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More Acer questions

Hello again.

Having decided on a couple of Acers to plant in pots I have a couple of questions before I splash out. 

First, a lot of articles say to plant them with the root flare showing, others say to plant them as deep as they were in the pots you bought them in. As a lot of these don't show the root flare, which should I do?

Second, as it is now November should I put the plant in a pot and then keep it in a North facing greenhouse that gets no sun until it wakes up in Spring, or just leave in it's current pot and then plant it in a bigger pot in Spring?


  • Ladybird4Ladybird4 Posts: 35,827

    I think it would be quite safe to leave it in the pot it is in now as it will be dormant and therefore not doing too much growing. Plant into a bigger pot in spring and I would just place it to the depth it is in its present pot.

    Cacoethes: An irresistible urge to do something inadvisable
  • I was also considering training a smaller weeping variety by staking the main leader shoot to get a bit of extra height. Could I do this when I buy it or should I allow it to grow a couple of years without any pruning/training?

  • Ladybird4Ladybird4 Posts: 35,827

    Hmm you've got me there Jim. I had a lovely Acer purpureum dissectum and a worker putting new windows in for me decapitated it - much to my dismay. However I now have a lovely weeping tree which - despite the bad treatment - is flourishing. I think if you are going to do it then you need to stake early rather than late. Why not try it and let us know if it works or not eventually.

    Cacoethes: An irresistible urge to do something inadvisable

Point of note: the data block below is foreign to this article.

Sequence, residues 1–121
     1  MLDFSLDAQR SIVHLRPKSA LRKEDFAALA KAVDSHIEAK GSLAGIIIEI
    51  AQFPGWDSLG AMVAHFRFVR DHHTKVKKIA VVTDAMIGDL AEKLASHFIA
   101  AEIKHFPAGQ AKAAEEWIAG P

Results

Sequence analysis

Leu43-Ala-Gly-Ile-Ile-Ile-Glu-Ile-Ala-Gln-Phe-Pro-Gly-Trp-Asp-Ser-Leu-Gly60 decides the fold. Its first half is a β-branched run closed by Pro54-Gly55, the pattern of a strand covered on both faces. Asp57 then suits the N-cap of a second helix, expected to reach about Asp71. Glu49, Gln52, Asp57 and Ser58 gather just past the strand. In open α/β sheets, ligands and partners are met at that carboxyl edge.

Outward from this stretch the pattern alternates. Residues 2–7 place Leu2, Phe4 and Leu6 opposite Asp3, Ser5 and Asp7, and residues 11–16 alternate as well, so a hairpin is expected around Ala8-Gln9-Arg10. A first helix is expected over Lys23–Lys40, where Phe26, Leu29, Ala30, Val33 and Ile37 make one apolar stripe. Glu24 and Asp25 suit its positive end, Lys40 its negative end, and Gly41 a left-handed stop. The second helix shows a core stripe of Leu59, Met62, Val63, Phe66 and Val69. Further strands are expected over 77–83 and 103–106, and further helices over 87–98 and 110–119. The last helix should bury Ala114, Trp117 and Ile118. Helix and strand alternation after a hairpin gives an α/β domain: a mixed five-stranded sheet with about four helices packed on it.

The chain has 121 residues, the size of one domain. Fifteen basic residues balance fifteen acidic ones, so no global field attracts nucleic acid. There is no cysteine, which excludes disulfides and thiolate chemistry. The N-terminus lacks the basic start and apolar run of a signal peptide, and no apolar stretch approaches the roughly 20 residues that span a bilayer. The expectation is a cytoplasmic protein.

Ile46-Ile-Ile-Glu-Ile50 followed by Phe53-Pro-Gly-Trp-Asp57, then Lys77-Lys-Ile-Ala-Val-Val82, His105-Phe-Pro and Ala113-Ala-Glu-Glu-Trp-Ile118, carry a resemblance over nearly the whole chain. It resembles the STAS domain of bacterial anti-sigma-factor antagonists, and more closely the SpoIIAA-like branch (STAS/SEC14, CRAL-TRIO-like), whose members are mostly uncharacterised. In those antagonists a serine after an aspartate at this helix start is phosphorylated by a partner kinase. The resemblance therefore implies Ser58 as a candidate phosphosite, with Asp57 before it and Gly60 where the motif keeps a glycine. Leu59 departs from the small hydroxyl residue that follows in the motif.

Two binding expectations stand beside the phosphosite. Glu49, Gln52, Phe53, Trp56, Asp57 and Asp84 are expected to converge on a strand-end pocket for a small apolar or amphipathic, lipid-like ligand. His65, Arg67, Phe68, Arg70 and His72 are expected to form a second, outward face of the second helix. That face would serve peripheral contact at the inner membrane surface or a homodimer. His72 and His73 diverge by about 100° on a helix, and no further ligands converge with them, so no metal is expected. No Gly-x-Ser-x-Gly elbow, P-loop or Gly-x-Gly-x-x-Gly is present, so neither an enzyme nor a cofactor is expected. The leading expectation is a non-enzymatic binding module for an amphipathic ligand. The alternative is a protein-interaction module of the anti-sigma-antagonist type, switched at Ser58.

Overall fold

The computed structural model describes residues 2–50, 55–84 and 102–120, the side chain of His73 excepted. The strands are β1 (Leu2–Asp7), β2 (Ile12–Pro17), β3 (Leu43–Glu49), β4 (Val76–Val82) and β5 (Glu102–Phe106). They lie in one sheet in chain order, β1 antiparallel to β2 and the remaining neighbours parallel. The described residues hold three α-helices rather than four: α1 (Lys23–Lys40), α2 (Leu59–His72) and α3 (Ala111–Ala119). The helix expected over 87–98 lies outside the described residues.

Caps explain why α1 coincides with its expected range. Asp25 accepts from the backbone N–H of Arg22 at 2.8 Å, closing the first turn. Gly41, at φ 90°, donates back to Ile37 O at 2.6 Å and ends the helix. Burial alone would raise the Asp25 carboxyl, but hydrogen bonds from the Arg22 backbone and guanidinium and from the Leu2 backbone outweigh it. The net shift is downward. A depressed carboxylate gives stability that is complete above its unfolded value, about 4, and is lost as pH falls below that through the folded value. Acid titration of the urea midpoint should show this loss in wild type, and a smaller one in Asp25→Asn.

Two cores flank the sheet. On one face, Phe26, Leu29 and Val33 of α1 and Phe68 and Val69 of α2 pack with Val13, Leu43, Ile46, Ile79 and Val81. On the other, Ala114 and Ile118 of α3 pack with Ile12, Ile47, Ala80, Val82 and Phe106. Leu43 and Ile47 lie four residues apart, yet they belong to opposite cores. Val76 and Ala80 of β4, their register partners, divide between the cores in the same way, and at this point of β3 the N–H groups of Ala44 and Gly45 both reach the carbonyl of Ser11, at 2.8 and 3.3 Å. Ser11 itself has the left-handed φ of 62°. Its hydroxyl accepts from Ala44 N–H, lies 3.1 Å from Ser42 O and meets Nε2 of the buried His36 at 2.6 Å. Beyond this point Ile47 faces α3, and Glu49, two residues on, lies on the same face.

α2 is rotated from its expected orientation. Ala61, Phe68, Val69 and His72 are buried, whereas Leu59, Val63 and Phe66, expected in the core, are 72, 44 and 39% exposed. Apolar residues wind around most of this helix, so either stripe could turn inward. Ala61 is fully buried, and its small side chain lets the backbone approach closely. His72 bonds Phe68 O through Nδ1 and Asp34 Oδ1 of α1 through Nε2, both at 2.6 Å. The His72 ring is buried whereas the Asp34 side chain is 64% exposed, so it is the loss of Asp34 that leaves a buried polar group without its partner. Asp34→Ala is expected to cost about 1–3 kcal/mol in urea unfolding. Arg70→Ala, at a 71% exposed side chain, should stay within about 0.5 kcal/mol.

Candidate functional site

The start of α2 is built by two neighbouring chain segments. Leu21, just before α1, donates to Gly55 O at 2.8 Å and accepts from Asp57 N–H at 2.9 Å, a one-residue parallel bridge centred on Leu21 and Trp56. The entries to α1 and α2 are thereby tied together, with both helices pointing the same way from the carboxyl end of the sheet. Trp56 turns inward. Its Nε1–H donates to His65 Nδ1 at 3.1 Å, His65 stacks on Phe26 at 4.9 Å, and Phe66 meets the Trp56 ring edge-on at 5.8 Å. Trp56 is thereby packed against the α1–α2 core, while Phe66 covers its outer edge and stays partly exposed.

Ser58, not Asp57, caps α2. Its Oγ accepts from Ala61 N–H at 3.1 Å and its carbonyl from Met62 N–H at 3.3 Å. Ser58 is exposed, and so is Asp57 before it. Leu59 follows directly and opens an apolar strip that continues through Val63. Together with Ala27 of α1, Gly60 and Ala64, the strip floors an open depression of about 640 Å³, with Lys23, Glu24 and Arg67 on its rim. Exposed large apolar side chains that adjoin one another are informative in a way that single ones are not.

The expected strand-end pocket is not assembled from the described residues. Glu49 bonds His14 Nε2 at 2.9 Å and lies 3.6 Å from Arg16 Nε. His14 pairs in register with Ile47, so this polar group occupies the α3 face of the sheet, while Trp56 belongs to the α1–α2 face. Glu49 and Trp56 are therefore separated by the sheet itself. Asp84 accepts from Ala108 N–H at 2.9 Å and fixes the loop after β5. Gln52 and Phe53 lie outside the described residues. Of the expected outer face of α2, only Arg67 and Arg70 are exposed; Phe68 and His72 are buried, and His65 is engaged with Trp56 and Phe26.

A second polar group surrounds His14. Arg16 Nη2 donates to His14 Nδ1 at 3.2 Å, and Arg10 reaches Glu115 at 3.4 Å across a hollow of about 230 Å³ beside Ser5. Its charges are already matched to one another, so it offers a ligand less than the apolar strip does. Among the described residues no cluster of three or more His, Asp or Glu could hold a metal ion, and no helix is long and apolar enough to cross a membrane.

• Thanks, I will. I was considering a Palamtum Crimson Queen, what I gather to be a fairly popular weeping variety and widely available. I've read a lot about staking and wiring. wiring seems to be used predominantly in Bonsai but I had thought about doing a small amount to the trunk and also staking to get a more desirable height and shape to the trunk

  • Lantana says:

    Hi Jim. I'd have thought that if you leave the weeping variety a couple of years then the main stem will have adopted a shape already that will be difficult if not impossible to stake upright.

    See original post
    Thanks, I had thought about this as one of my local nurseries had some weeping specimens in, however they seemed disproportionately low and widely spread which is why I was considering trying to stake one to give the canopy a bit of extra height and try and encourage the growth of the trunk. I have however since found a couple of nice weeping acers 'Crimson Queen' which look like a lovely little dwarf tree but the trunks are arrow straight like telegraph poles so I was considering buying one of these and wiring the trunk for a couple of years just to try and put a bit of shape and character in the trunk


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